There have also been calls for other professionals with experience in administering injections such as midwives, paramedics, and even vets to be brought in to help.


Health Secretary Matt Hancock
(Image: PA)

With a huge, historic task ahead, many believe it is time to bring in the army to coordinate the national vaccination effort. It was reported that last month Matt Hancock refused aid from the Ministry of Defence but has since accepted help with vaccinations from 21 military combat medic teams.

Former home secretary David Blunkett yesterday called for a “military operation on a scale never seen in peacetime” to deliver the Government’s aim of vaccinating two million people a week.


To ramp up inoculations once the most vulnerable have been protected, seven mass vaccination centres will be opening next week at locations such as sports stadiums and exhibition centres.

That will be in addition to 207 hospitals and 775 GP-led sites around the country.

This week the Government was accused of ignoring the 11,400 high street pharmacies that already administer millions of flu jabs very year, with the capacity to vaccinate around 1.3million people against Covid every week.

NHS England needs volunteers
(Image: Daily Mirror/Andy Stenning)

Yesterday vaccine minister Nadhim Zahawi said community pharmacy networks will be “very much involved” in the race to vaccinate. But the president of the Royal Pharmaceutical Society said small pharmacies have been snubbed by the Government after they offered to help deliver the vaccine.

Sandra Gidley said: “There are over 11,000 pharmacies. If each of those does 20-a-day that is 1.3 million-a-week extra vaccines that can be provided, very often to those who are hardest to reach. Why would any Government not want to do that?”


Israel has already immunised 1.4million people – nearly a sixth of its population – thanks to a vaccine drive which goes on day and night without stopping.

The city of Haifa is even offering drive-through vaccinations.

Last week Dame Clare Gerada, former Royal College of General Practitioners chair, insisted the UK could vaccine its entire population by spring with a 24-hour programme using large venues like football stadia.

But so far vaccinations have been taking place in hospitals and clinics during normal appointment hours. New guidance issued to NHS trusts has also warned jabs won’t be issued on Sundays or after agreed ‘cut-off’ points every lunchtime.


Israeli Minister Yuli Edelstein said they have managed to vaccinate even more people after nurses managed to extract six doses from each vial rather than the five that are advertised.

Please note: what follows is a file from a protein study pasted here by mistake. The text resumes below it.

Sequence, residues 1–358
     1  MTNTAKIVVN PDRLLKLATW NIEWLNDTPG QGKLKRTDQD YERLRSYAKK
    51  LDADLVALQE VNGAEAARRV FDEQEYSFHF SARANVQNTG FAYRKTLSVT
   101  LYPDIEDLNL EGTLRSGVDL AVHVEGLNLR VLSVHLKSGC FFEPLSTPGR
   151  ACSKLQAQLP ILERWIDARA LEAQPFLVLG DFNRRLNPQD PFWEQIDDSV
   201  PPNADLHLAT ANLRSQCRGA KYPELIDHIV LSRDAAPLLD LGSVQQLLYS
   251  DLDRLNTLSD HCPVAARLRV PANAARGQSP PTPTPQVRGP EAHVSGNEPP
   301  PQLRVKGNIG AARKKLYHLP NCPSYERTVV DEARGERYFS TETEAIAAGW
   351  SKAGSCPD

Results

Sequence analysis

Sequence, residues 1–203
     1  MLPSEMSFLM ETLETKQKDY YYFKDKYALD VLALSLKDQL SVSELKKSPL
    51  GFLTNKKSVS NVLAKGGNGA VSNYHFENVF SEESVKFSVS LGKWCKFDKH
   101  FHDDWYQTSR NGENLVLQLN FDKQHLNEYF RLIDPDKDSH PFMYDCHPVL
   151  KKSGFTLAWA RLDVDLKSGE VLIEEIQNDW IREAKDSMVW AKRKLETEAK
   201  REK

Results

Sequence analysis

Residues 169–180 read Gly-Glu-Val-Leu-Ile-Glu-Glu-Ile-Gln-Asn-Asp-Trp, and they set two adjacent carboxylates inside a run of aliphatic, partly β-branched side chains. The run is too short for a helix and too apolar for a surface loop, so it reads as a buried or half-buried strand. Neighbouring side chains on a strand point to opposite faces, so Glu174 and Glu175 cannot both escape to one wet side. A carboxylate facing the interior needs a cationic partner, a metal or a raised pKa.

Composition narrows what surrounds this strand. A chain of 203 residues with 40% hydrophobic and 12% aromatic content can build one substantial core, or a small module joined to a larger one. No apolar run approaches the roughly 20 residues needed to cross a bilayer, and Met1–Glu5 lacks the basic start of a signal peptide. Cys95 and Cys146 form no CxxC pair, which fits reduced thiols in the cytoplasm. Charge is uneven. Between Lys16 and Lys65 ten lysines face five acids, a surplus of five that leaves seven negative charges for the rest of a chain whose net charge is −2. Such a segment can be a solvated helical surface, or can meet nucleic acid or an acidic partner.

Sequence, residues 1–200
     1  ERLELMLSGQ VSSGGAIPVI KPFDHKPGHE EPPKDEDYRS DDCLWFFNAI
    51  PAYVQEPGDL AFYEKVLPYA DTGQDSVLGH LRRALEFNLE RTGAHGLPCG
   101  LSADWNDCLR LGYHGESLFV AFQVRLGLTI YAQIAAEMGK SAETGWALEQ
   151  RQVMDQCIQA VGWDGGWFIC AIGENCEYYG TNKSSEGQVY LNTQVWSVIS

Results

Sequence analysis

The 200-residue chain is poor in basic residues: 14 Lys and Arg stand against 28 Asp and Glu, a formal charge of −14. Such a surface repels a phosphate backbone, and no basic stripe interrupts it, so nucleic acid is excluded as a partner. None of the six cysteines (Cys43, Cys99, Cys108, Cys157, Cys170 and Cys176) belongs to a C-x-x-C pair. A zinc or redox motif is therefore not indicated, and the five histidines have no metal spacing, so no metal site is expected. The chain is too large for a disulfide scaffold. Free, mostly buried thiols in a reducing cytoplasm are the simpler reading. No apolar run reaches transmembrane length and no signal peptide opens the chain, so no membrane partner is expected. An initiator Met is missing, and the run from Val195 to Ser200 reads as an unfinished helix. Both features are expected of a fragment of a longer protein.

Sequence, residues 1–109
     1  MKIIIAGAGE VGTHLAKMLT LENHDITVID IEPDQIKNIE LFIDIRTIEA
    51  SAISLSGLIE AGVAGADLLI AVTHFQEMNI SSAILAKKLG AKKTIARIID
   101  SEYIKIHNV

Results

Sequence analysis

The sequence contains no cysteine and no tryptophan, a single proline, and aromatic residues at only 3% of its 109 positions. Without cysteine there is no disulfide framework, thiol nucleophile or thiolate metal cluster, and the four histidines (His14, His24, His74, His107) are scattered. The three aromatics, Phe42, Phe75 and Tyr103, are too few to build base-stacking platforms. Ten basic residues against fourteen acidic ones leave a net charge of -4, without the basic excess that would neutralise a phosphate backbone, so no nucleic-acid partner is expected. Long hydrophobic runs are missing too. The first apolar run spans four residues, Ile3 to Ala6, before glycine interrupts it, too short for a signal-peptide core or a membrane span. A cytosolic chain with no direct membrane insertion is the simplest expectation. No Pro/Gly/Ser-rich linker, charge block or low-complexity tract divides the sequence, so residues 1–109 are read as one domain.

It means younger people have been able to walk into clinics at the end of each day to receive surplus doses which would otherwise be wasted.

GPs in the UK were told in December they they could use the sixth dose “at their discretion”, rather than throwing it away. But with vaccinations being arranged by appointment, it is not known how much, if any, of the surplus left in the vials is being used.

NHS staff, health and care workers pictured queuing outside the New Lister Building to receive the Covid-19 vaccine
(Image: Glasgow Times / SWNS.COM)


The bureaucracy around administering each jab has also been blamed for slowing down the vaccination effort. Patients undergo a 15-minute medical questionnaire over the phone, before being asked for many of the same details on the day.

Doctors have urged a streamlining of the process so they can vaccinate a greater number of people. They have also criticised the decision to use a new system to book and record vaccinations which staff are not familiar with, which often causes more hold ups.


The Government is delaying the second dose of the vaccine so more vulnerable people will have some protection, but that means they will all have to have a second jab before other groups can start to be vaccinated.

Dr Mike Tildesley says: “You won’t be able to move down the priority order as rapidly those people need to be vaccinated again within 12 weeks.

“It’s really important they get the second one in time, so the Government needs to resolve issues of supply and delivery now to ensure there’s a constant flow of vaccines to do that.”